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Posted in: Requesting Flyby
REQUESTING FLYBY: Why Daniel Bryan Should Have Won The Royal Rumble & Why The Roman Reigns Apologists Are Horribly Deluded
By Maverick
Jan 27, 2015 - 3:52:03 PM

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Why Daniel Bryan Should Have Won The Royal Rumble & Why The Roman Reigns Apologists Are Horribly Deluded



I wasn’t expecting to be angry on Sunday night. There has never been a Royal Rumble event that I have not enjoyed on the night, even ones which I later recognised as substandard such as 2011 and 2012. However, as I wrote my review at 4am Monday morning UK time, fresh from the experience of seeing The Rock and Roman Reigns physically intimidate a WWE interviewer in ludicrously petulant fashion, clearly thrown by the crowd response to the former Hounds of Justice member’s win, I began to seethe. As I said at the outset, this surprised me. Last year, when Daniel Bryan did not appear for the Royal Rumble match, I was basically fine with it. Not only was he never officially announced for the match, I felt sure that the wave of momentum he had been riding would eventually see him added to the Wrestlemania main event. Even if he had not been, the Yes Man had been the focus of the summer and autumn months of 2013 and would have come around again eventually. I wanted him to win the WWE World Heavyweight Championship at Wrestlemania XXX just like everybody else did, but I didn’t invest everything in him materialising as a surprise entrant and winning that 2014 Rumble. Moreover, although I do consider myself a fan of Daniel Bryan, I am not that big a fan. CM Punk was my guy back on the night of January 26th 2014, and as I type this right now, it’s Dean Ambrose. So I don’t write from the position of being a raving mark for someone and being butt hurt that they didn’t win. I write from the position of being absolutely certain that WWE have made an error of truly lamentable and historic proportions by ignoring the enormous popularity of the man from Aberdeen, Washington.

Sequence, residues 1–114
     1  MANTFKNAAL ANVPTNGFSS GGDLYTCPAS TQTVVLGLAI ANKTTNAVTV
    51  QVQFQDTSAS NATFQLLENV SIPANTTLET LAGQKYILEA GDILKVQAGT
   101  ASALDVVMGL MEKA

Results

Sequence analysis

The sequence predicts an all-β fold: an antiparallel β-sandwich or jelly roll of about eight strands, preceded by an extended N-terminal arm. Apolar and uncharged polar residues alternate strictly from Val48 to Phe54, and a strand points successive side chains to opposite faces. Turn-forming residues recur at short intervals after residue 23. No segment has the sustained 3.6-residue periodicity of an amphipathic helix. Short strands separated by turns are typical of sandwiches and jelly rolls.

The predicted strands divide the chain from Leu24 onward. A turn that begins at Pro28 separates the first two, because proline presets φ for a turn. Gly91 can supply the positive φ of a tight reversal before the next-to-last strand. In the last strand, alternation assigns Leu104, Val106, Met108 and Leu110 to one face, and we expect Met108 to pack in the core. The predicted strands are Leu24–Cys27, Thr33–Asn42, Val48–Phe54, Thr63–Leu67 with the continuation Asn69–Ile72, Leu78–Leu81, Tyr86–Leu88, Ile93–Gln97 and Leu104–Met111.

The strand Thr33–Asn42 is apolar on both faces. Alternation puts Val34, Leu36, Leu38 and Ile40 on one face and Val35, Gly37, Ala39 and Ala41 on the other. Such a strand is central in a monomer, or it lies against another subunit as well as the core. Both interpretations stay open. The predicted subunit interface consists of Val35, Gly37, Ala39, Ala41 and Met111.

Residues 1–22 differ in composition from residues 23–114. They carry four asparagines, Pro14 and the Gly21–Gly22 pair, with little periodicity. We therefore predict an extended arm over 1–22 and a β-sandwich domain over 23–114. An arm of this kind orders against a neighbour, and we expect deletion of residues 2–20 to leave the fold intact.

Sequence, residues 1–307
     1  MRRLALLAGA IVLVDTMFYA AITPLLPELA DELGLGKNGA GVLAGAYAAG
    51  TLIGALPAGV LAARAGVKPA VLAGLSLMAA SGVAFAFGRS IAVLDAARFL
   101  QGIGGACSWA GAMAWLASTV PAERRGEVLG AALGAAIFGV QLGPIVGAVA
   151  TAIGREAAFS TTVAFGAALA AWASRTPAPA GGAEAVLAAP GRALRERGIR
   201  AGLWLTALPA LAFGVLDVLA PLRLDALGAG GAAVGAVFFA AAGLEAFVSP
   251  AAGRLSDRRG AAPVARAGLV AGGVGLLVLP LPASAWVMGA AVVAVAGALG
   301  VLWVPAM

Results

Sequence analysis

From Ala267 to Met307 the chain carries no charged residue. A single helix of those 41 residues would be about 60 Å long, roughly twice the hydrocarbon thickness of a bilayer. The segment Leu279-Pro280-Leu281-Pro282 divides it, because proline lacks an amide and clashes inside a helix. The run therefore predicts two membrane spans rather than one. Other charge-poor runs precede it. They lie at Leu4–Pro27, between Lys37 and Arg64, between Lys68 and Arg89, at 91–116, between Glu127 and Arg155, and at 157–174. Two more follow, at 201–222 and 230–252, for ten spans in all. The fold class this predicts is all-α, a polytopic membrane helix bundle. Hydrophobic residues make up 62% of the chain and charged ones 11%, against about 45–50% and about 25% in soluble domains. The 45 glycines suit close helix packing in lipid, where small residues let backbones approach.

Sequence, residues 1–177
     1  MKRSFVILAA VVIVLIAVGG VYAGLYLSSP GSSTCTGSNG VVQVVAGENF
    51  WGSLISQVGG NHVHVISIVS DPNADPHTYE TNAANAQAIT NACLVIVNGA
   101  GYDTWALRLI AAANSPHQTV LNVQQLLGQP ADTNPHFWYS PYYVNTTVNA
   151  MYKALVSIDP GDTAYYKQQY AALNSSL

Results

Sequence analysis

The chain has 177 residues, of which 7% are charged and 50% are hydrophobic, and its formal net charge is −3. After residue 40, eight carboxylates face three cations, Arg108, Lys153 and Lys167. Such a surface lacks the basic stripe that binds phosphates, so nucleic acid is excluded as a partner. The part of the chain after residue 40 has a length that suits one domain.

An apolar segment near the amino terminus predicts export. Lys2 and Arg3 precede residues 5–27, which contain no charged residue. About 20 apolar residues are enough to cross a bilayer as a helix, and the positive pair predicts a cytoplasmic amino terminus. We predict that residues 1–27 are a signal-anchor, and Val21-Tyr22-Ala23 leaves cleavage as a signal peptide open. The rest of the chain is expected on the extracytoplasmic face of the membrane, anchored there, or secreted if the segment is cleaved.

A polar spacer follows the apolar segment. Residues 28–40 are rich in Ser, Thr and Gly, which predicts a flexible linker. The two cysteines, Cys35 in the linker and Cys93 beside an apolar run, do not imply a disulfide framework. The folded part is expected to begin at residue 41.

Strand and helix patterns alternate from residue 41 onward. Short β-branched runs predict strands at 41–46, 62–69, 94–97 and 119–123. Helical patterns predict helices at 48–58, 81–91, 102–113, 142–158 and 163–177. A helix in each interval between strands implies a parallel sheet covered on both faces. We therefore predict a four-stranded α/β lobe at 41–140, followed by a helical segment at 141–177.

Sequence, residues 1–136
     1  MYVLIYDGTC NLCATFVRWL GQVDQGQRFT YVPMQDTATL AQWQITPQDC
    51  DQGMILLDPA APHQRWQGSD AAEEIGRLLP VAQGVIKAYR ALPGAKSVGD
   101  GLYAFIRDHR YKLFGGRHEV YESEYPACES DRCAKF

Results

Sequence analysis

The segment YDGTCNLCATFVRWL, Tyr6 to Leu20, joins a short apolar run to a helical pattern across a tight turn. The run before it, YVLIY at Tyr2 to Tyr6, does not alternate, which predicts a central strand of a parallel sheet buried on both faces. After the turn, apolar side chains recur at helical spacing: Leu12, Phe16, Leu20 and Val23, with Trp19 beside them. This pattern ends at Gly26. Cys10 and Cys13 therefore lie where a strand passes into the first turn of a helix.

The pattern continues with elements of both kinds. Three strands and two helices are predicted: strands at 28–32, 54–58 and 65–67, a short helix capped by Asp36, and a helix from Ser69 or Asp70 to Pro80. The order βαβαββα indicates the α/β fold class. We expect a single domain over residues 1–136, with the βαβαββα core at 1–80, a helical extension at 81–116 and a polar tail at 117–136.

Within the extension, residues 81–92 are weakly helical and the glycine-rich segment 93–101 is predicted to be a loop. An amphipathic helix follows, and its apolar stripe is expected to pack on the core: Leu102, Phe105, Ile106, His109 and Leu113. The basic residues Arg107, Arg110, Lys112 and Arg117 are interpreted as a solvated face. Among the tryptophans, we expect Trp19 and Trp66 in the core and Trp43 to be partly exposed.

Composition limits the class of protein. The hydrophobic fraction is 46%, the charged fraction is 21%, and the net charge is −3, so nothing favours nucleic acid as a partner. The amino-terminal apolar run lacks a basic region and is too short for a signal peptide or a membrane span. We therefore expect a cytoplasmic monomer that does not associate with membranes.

First of all, let me explain why it was absolutely essential in my view that Bryan win this year’s Royal Rumble and go on to topple Lesnar to regain the championship that he never actually lost in the first place. As soon as Bryan was brought out just before New Year to announce his in ring return and his candidacy for the Rumble match, raising the possibility of redemption, it was obviously the most compelling story that WWE could tell on the Road To Wrestlemania. Furthermore, with Bryan obviously being the guy The Authority did not want carrying the title, an obstacle- Rollins, Sheamus, whoever- could have been placed in his way at Fast Lane, which would have been highly interesting wrestling television in its own right. So quite aside from the Reigns issue, which I will get to in a moment, it was quite simply the right choice in storytelling terms, even more so than it was last year. I have read people say that it would never have matched up to last year, to which I say this: poppycock. A redemptive title win through the medium of a Rumble win in front of one of the most rabid wrestling crowds on earth, followed by an Eddie Guerrero tribute match with the Beast Incarnate? How could anyone possibly think that would be a second best storyline? And by the way, nobody complained when Stone Cold Steve Austin won at both Wrestlemanias XIV and XV. I don’t remember anyone thinking that winning the title against The Rock “wouldn’t be the same” as winning the title against Shawn Michaels.